We're coming up on the first-year anniversary of Mother Mary's passing.
But this isn't going to be a sad column.
Nobody hated sob stories more than Mother Mary.
You know her well enough to agree, if you've read the stories that Francesca and I have been writing about her for the last six years, in the newspaper and our books.
You may even have met her, if you came to one of our signings, where she was happy to monopolize the microphone.
I was delighted to have her at signings, because she did a hell of a job.
Also, the price was right.
She told every family secret there was to tell, and when she ran out, she made them up.
In other words, it's in my DNA to write fiction.
She also dressed better than Francesca and me, standing out in her lab coat like a geriatric Doogie Howser.
She often brought her back-scratcher to the signings and hit me with it, for effect. Otherwise, she used it to scratch her back in front of the crowd.
We Scottolines don't always confine our personal grooming to the house.
I could go on and on, saying things I remember about her, and those of you who have lost family members could do the same, about your loved ones who are no longer with us, in a physical sense.
You don't need me to tell you that they are always with us, in spirit.
And in fact, what's great to remember about Mother Mary is her spirit.
I always loved the story about the time I made her fly north to avoid a major hurricane heading for Florida. When she got off the plane, she was approached by a reporter who was interviewing people about the hurricane. The reporter came up to her, asking, "Did you come north because you're afraid of the hurricane?"
Mother Mary replied, "I'm not afraid of a hurricane. I am a hurricane."
This story is especially relevant because of something I've noticed, in the year since she's been gone.
Because I think she sent me a sign.
Have you seen a sign?
I've talked to my friends who have lost family members, and many of them think that their family member has sent them a sign from beyond, or wherever we go when we're not hanging around the kitchen anymore, standing in front of the refrigerator looking for something to eat.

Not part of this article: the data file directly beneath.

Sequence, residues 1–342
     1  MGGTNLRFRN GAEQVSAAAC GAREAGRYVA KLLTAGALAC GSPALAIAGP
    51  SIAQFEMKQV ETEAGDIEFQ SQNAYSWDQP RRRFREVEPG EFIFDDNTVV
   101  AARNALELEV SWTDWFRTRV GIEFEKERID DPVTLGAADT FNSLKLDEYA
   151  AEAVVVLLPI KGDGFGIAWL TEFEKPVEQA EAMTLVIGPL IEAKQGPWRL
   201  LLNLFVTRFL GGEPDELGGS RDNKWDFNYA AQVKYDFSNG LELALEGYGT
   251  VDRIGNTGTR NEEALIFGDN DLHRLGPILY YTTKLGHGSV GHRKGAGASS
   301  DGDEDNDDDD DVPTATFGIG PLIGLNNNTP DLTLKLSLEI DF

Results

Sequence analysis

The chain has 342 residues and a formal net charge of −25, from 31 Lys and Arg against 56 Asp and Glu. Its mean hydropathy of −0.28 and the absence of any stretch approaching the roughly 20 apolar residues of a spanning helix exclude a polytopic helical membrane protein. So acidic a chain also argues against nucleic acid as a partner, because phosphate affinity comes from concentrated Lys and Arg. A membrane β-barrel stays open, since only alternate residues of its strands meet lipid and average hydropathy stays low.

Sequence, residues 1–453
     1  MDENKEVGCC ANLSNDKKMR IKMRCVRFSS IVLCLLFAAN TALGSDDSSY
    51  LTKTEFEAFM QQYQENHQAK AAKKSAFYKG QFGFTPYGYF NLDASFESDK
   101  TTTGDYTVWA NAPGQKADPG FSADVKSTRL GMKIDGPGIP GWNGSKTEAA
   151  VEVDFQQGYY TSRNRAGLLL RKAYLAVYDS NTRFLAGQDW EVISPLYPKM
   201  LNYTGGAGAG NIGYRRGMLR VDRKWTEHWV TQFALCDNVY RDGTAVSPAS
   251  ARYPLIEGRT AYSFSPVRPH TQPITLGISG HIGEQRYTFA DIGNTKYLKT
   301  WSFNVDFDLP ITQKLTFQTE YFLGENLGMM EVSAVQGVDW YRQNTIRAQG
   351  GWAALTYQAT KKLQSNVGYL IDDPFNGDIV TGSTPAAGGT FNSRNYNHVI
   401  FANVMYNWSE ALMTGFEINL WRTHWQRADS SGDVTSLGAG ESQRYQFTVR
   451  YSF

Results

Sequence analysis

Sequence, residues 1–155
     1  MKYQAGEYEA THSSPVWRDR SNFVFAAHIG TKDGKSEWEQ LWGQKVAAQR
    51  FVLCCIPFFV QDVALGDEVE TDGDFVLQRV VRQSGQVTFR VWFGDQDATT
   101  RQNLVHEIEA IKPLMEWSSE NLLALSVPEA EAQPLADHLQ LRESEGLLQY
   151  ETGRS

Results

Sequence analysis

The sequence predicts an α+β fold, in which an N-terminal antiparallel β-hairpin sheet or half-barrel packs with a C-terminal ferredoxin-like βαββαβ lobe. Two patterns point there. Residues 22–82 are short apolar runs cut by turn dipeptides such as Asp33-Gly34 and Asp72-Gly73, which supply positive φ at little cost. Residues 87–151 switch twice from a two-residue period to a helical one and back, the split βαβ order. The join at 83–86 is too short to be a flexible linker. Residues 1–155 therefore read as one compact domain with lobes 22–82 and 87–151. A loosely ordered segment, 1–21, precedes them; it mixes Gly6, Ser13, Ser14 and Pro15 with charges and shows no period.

One of my friends says that when she sees a monarch butterfly, she knows it's a sign from her late mother, who loved monarch butterflies. Another friend of mine thinks that a double rainbow is a sign from her late father, who loved double rainbows.
Even famous people see signs.
I heard Paul McCartney give an interview, wherein he said that after he lost his beloved wife Linda, he sat on a hill at night and asked for a sign from her about whether he should remarry. An owl hooted, and Paul decided that it was the go-ahead, so he married Heather Mills.
Whom he later divorced at a cost of $48 million.
After the Paul McCartney story, I started to be skeptical about signs from the departed.
I mean, come on, Paul.
Owls hoot at night.
But here's the sign I think I got from Mother Mary, and you tell me if I'm crazy.
Because it's a sign that only she could send.
Let's go back for a moment, to the day of her memorial service, which was very sad. It was a small and tasteful ceremony, but everybody was predictably teary, and that day, it was raining.
In fact, it was raining very hard.
It was raining almost hurricane-hard.
And after the service, we came home to my house, and it had rained so hard that my entrance hall was flooded.
I'm not talking about one or two inches of water.
I'm talking about four inches of water, so much that wet rugs had to be removed and you had to wade through it to get to the front door.
The water had evidently come in under the front door of the entrance hall, but that had never happened before.
And, dear reader, it never happened again.
In fact, it hasn't happened in the entire year, since the day of her funeral.
Recall that since we've experienced very hard rains, very hard snows, and sometimes a little of both.
At the same time.
In other words, there's been major weather.
But my entrance hall never flooded again.
Not even a drop.
And so I think it's a sign.
Mother Mary wasn't the type to send butterflies, rainbows, or hoot owls.
Hurricane Mary sent a hurricane.
And, so we wouldn't miss it, she put it in front of the front door.
That was Mother Mary.
She was a force of nature.
And she still is, eternally.
Now I'm a believer.
Love you, Mom.
You owe me a rug.